2 Answers 2


You seem to be overcomplicating this somewhat!

You are right to split it up into the two terms $H_1$ and $H_2$. So, we have $$ e^{-i(H_1+H_2)t}=e^{-iH_1t}e^{-iH_2t}. $$ Now, straightforwardly, $$ e^{-iH_1t}=I+(e^{-i\delta t}-1)|00\rangle\langle 00|. $$ Next, we need to think about the $e^{-iH_2t}$ term. Of course, it maps $|00\rangle$ to $|00\rangle$. So, we only have to think about the subspace spanned by $\{|01\rangle,|10\rangle\}$. In this subspace, we have $H_2$ written as $$ \delta Z+gX=(g,0,\delta)\cdot\vec{\sigma}, $$ using the Pauli matrices. Now we can use the formula we're given (except that the formula in my version of N&C is incorrect, with sin and cos swapped. this is in the errata list) $$ e^{i\vec{n}\cdot\vec{\sigma}}=\cos(\Omega t)+i\sin(\Omega t)\frac{\delta Z+gX}{\Omega}, $$ where $\Omega=\sqrt{\vec{n}\cdot\vec{n}}=\sqrt{\delta^2+g^2}$. So, overall, we have $$ e^{-iH_2t}=|00\rangle\langle 00|+\cos(\Omega t)(|01\rangle\langle 01|+|10\rangle\langle 10|)-i\frac{\sin(\Omega t)}{\Omega}\left(\delta (|01\rangle\langle 01|-|10\rangle\langle 10|)+g(|01\rangle\langle 10|+|10\rangle\langle 01|)\right). $$ I think, overall, this gives slightly different signs to those in equation 7.77.

  • $\begingroup$ we've came across a sign problem before in that the 'definition' of the Hamilton seems to give a different sign to what I was expecting (I'm not exactly one for getting minus signs right all the time but this is the third time now) $\endgroup$
    – Mithrandir24601
    Commented Sep 23, 2019 at 7:23
  • $\begingroup$ @Mithrandir24601 I'm also not too careful with minus signs. Or, more specifically, there's the potential for a global sign that I know I haven't been careful with. But here, there also seems to be a relative minus sign between the X and Z terms. $\endgroup$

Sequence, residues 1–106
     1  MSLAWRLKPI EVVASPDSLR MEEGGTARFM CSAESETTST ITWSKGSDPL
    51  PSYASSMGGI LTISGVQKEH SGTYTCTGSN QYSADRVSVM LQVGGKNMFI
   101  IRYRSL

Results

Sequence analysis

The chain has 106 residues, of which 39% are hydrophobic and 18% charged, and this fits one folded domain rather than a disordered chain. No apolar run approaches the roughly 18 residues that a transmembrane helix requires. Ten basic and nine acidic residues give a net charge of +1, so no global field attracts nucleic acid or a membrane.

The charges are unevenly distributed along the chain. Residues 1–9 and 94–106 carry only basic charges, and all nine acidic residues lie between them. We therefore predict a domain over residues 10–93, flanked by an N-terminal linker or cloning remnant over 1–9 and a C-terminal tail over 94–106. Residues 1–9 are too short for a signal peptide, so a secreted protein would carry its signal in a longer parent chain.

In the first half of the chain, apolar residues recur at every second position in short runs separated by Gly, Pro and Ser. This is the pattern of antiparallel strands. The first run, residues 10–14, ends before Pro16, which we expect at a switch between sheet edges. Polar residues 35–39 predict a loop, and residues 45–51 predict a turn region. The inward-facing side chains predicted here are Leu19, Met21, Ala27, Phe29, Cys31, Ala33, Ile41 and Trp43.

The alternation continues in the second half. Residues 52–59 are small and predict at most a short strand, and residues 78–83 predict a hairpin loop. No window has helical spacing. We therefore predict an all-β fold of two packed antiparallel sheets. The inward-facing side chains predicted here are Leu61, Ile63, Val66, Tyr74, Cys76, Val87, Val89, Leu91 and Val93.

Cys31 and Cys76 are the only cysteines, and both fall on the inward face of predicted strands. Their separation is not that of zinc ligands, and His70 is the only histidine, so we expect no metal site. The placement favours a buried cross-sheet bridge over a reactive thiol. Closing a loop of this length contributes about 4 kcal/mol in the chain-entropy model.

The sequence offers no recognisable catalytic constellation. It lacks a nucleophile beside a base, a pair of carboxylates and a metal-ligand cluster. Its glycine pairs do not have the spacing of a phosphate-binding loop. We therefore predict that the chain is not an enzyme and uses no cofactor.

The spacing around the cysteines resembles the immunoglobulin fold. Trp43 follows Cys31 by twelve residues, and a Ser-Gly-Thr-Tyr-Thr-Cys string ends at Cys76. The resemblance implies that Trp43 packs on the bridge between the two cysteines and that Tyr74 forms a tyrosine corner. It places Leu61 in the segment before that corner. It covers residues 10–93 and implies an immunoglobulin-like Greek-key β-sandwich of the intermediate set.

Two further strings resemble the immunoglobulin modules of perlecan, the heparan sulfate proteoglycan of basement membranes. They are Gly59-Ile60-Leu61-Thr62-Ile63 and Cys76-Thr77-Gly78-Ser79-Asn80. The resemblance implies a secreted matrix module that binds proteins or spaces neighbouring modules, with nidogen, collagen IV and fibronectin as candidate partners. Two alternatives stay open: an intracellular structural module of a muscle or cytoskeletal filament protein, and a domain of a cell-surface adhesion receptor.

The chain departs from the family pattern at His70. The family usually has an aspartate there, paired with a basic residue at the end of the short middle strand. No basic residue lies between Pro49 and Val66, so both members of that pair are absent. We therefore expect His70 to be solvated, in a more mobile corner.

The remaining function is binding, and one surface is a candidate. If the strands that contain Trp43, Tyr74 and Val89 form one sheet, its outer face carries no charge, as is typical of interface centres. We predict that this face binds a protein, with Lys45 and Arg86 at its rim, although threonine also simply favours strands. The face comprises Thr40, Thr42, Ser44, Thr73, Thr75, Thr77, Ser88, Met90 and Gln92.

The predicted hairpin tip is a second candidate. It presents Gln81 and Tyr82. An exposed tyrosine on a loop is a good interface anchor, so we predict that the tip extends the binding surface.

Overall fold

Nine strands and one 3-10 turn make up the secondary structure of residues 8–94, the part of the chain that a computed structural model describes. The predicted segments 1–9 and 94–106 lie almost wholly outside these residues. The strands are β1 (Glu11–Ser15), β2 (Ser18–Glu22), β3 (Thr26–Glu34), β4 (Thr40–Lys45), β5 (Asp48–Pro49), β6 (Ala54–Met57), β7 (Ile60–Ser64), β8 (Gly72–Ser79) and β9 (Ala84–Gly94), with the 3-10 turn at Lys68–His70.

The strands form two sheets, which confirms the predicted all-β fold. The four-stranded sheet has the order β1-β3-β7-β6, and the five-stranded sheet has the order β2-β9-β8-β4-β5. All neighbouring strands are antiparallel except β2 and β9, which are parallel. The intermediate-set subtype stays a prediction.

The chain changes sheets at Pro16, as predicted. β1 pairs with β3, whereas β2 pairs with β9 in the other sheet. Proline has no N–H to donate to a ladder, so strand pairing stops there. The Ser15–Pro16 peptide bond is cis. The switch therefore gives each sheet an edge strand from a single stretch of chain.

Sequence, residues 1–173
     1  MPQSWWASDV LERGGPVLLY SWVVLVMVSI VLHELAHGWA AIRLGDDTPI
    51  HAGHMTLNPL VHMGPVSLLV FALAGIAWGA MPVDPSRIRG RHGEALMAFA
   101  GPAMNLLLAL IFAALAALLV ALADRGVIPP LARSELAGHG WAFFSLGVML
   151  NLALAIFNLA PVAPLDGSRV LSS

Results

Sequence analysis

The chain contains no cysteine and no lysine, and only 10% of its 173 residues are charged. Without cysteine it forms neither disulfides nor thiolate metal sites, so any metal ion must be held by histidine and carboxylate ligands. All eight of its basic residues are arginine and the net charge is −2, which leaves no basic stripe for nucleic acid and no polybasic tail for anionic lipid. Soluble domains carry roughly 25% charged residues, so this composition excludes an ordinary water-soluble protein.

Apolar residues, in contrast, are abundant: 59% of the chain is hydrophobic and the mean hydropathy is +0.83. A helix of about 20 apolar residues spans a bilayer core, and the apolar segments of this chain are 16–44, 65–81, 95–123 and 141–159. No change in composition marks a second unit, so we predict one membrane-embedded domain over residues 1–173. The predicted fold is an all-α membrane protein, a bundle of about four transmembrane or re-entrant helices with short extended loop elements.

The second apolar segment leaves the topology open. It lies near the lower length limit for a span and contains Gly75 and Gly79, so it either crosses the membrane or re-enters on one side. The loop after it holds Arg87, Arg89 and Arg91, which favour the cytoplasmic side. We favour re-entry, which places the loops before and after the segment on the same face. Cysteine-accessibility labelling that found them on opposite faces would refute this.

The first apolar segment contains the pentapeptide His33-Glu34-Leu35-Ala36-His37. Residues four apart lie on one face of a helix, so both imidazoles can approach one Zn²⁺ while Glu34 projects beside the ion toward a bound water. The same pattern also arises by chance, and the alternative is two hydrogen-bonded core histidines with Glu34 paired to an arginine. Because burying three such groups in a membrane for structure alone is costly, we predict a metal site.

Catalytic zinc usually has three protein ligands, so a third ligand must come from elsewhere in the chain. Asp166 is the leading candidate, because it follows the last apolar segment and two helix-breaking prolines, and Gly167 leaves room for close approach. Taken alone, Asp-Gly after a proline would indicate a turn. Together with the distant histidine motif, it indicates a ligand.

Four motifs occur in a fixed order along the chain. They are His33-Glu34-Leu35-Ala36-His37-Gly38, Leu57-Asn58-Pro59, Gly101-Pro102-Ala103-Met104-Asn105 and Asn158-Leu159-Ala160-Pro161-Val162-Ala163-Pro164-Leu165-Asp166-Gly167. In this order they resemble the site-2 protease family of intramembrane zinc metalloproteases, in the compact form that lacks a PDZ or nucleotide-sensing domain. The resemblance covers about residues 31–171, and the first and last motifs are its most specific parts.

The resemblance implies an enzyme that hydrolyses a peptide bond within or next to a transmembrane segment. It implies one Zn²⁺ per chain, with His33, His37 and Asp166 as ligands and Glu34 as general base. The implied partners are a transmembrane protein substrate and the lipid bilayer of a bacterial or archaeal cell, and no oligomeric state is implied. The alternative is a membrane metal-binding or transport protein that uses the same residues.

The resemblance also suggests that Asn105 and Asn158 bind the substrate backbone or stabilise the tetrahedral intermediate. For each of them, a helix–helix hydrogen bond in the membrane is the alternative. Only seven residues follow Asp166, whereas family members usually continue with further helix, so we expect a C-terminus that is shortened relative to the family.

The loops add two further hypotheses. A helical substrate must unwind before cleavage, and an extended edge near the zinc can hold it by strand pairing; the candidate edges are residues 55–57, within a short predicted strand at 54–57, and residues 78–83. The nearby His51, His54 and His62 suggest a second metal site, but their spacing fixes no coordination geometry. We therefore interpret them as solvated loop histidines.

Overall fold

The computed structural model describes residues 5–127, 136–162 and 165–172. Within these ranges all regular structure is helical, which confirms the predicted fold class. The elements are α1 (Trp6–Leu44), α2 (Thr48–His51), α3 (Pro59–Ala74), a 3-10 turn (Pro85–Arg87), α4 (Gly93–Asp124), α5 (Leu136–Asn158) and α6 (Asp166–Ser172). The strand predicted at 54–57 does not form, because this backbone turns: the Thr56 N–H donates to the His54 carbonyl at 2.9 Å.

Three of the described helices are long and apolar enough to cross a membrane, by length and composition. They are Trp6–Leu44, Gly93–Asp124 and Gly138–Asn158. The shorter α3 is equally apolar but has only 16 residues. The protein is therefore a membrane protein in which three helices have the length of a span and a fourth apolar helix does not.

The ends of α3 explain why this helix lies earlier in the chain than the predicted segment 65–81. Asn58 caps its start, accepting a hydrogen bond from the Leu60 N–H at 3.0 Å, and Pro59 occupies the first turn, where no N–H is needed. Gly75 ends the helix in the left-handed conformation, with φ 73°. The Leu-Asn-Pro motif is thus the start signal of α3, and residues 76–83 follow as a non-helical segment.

– DaftWullie
    Commented Sep 23, 2019 at 7:59
  • $\begingroup$ @DaftWullie Thanks for your help that I'm able to recall the exponential of a diagonal matrix and spot a mistake. $\endgroup$
    – C.C.
    Commented Sep 23, 2019 at 12:04
  • $\begingroup$ I think that the Hamiltonian should not have a minus sign. $\endgroup$
    – C.C.
    Commented Sep 23, 2019 at 12:35

In the first summation for $U$: $$\sum_{n=0}^{\infty}\frac{(-1)^n}{(2n)!}(it\Omega \frac{H_{2}}{\Omega})^{2n}=\cos(\Omega t)\begin{pmatrix} 0&0&0\\0&1&0\\0&0&1\end{pmatrix}(\text{This is wrong})$$

$$\sum_{n=0}^{\infty}\frac{(-1)^n}{(2n)!}(it\Omega \frac{H_{2}}{\Omega})^{2n}=\begin{pmatrix} 1&0&0\\0&0&0\\0&0&0\end{pmatrix}+\cos(\Omega t)\begin{pmatrix} 0&0&0\\0&1&0\\0&0&1\end{pmatrix}(\text{This is correct})$$

I mentioned that $m$ starts summing from $1$ so I will force it to sum from $0$, which in this case indeed I have to subtract an Identity Matrix. This will result in an exponential of $H_{1}$ subtract an Identity whereby the steps will look like:

$$\sum_{m=1}^{\infty} \frac{(-1)^m}{(2m)!}(it H_{1})^{2m}+\sum_{m=0}^{\infty}\frac{(-1)^m}{(2m+1)!}(it H_{1} )^{2m+1}\\=\sum_{m=0}^{\infty} \frac{(-1)^m}{(2m)!}(it H_{1})^{2m}+\sum_{m=0}^{\infty}\frac{(-1)^m}{(2m+1)!}(it H_{1} )^{2m+1}-\begin{pmatrix} 1&0&0\\0&1&0\\0&0&1\end{pmatrix}\\=\begin{pmatrix} e^{i\delta t}&0&0\\0&1&0\\0&0&1\end{pmatrix}-\begin{pmatrix} 1&0&0\\0&1&0\\0&0&1\end{pmatrix}$$

Adding everything up including the $sin(\Omega t)$ term will give the correct expression except for maybe some sign issues.